Brandon Stoddard is dead. And you probably have to be a certain age – at least, old enough to remember when it really was possible to have 40% of the U.S. simultaneously watch something other than the Super Bowl – to appreciate what a loss that represents.
As an executive at ABC, Stoddard presided over televised events whose resonance and influence speak to a different time. The term “epic” is overused, but the productions with which Stoddard was associated didn’t just merit the term; they practically defined it.
“Roots” famously emptied restaurants across America. “The Day After” soberly presented the threat of nuclear annihilation – and aired despite pressure from the White House to quash it.
In this age where “limited series” have become all the rage, Stoddard championed events like “The Thorn Birds,” “The Winds of War,” “Rich Man, Poor Man” and “Masada,” which established the template and set the standard for the form.
In a 1999 interview, David L. Wolper, the producer responsible for “Roots” and “Thorn Birds,” lamented that executives at the time lacked the guts – although he used a more colorful term – to take those kinds of gambles.
“They won’t do it because they’re afraid,” he said. “You have to have balls. You have to say, ‘We think it’s going to work. Let’s go with it.’ Either you’re going to kill the world, or you’re going to fall on your rear end.”
Stoddard did indeed wind up on the seat of his pants from time to time, but it wasn’t for lack of trying. Even “Roseanne,” which he commissioned while heading ABC Entertainment, tapped into a cultural nerve in a way few sitcoms had before, and even fewer since.
Still, the gee-whiz ratings accomplishments barely scratch the surface of what distinguished Stoddard. Witty, thoughtful and self-effacing, he wasn’t without ego – nobody reaches that level of success without some – but Stoddard could have taught a master class on how to behave in Hollywood as an executive and still leave people thinking well of you.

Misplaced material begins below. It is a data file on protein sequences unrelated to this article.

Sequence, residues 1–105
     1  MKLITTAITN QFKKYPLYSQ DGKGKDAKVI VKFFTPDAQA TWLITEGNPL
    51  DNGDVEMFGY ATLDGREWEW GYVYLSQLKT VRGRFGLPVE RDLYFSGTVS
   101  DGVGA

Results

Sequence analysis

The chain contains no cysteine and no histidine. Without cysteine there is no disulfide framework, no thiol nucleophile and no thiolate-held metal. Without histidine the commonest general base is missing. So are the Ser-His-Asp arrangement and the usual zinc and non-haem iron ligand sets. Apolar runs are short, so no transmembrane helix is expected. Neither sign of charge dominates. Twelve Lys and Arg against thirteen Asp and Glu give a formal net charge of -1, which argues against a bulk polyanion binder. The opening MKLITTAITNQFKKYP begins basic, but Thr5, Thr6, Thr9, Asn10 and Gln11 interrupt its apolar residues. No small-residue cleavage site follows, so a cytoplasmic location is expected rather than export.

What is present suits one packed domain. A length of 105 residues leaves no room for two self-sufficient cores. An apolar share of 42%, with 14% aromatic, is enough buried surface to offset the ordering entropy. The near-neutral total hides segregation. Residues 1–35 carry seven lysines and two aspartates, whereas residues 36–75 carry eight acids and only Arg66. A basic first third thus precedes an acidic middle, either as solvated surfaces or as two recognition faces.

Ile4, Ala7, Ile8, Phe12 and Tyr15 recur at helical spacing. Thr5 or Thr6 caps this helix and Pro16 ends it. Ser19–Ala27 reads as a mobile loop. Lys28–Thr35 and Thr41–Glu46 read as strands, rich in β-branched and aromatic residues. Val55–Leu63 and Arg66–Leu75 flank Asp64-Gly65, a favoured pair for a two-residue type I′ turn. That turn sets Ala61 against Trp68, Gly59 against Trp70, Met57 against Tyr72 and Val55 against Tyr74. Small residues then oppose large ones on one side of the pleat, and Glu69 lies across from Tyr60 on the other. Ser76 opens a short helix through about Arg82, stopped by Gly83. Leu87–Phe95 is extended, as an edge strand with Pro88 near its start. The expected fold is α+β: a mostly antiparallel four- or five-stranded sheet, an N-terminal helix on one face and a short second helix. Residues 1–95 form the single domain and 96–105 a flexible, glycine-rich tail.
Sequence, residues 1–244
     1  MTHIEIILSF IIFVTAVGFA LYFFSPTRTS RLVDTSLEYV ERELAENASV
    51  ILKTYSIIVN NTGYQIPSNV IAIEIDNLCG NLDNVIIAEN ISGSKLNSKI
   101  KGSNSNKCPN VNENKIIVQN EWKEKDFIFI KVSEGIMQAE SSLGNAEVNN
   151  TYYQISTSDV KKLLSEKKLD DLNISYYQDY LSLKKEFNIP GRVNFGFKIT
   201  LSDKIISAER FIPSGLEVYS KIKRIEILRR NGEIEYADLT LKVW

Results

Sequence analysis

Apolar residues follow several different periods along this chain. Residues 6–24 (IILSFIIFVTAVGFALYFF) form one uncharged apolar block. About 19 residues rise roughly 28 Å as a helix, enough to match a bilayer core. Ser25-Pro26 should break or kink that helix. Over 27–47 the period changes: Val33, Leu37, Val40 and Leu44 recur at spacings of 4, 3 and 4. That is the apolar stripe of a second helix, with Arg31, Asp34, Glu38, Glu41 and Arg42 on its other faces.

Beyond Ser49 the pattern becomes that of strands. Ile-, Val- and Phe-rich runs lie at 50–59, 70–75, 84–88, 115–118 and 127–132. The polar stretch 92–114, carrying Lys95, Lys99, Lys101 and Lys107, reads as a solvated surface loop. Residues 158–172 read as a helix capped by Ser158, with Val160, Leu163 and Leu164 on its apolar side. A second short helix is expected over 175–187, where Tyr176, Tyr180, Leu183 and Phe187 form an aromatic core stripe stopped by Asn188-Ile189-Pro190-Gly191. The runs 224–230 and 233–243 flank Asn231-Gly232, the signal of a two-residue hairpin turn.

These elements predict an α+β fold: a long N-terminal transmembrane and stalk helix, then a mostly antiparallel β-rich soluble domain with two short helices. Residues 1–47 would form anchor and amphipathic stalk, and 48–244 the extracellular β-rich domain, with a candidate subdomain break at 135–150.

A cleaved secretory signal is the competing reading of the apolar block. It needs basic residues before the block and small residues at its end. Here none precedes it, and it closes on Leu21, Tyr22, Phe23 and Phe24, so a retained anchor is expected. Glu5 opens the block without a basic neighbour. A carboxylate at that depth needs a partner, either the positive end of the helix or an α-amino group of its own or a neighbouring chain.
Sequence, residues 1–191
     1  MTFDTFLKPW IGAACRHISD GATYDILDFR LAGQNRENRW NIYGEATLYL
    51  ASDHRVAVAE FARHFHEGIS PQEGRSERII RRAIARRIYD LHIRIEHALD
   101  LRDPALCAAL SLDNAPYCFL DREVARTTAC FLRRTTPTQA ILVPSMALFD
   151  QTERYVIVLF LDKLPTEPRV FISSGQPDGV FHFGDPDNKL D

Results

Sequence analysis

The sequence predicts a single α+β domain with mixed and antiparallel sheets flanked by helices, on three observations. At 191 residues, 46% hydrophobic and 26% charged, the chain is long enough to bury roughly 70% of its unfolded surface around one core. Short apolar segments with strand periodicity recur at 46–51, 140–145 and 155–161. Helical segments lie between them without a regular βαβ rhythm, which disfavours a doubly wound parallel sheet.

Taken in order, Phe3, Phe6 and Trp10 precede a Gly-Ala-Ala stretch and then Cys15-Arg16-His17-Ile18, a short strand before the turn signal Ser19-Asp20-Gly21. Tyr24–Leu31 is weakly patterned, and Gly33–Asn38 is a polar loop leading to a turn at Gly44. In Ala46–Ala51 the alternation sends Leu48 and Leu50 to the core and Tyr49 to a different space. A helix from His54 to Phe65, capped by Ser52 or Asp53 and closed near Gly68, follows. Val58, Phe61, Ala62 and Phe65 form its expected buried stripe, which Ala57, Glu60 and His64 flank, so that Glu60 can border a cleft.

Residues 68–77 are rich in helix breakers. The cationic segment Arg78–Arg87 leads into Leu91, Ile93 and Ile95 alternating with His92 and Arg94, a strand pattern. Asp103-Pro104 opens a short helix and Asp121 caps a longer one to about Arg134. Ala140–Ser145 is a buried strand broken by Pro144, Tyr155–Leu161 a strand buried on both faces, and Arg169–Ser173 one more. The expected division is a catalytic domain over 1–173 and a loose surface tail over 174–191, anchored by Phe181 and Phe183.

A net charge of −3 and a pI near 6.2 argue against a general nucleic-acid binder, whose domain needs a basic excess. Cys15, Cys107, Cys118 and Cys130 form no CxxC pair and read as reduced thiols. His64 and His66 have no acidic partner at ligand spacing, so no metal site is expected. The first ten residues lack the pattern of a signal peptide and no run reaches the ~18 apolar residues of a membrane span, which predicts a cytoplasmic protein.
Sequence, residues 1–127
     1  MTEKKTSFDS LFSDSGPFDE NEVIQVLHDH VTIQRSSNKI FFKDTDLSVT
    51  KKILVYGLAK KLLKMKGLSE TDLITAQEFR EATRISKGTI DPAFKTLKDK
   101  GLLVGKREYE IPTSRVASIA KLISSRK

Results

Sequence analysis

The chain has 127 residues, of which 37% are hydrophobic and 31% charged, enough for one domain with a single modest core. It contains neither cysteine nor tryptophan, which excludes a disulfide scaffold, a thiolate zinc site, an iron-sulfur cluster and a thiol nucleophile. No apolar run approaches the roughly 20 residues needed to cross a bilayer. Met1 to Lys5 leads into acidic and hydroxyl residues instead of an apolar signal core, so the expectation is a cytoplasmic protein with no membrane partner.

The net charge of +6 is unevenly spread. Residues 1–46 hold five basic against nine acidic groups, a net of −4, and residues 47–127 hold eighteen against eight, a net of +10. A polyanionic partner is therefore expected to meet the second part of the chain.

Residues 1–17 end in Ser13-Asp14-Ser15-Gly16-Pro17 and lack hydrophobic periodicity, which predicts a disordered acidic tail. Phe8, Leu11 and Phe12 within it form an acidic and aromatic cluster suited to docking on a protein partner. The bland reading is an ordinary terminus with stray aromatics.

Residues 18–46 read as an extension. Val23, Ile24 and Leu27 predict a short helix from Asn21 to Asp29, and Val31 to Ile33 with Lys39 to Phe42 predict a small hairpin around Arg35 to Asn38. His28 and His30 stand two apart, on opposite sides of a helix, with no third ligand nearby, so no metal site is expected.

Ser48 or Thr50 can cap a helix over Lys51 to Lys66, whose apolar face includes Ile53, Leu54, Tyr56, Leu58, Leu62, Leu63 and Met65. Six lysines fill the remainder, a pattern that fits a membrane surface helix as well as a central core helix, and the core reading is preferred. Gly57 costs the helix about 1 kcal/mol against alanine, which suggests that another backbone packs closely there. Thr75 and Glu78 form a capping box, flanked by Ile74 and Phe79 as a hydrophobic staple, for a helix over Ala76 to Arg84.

That included an unusual knack for dealing with the press, which I witnessed first-hand as a cub reporter while Stoddard was running ABC. So it came as a shock to hear him admit – and receive confirmation from associates – that he was a nervous wreck before those press conferences, to the point where it nearly made him ill.
A few years after he left ABC, I interviewed Stoddard for a piece about how it happened that most entertainment division presidents generally lasted no more than four years in the job. While the analogy to politics seemed obvious, Stoddard wryly compared the length of service to the average sentence for a white-collar criminal.
In that context, Stoddard expressed inordinate admiration for the other Brandon, with whom he competed at NBC, Tartikoff, and his longevity in the position, saying his counterpart was uniquely suited temperamentally to enduring the rigors of running a network.
As is so often the case, I got to know Stoddard better after he left ABC, and had the pleasure of conducting his interview for the Television Academy’s Archives of American Television. Listening to the executive spend hours reminiscing about his career and its various milestones was amusing, enlightening, and for someone who saw many of the signature productions as a youth, like watching one’s life flash before your eyes.
Stoddard occasionally joked about being the other Brandon – Tartikoff certainly cast a big and bright light – but he needn’t have worried. The business in the ’70s and ’80s was big enough to accommodate both of them, and in some respects, TV never felt bigger than when the two were plying their trade.
Stoddard’s productions loom large in the collective consciousness, assuring his legacy decades later. But more than anything, there’s reason to miss the guy who stood behind them.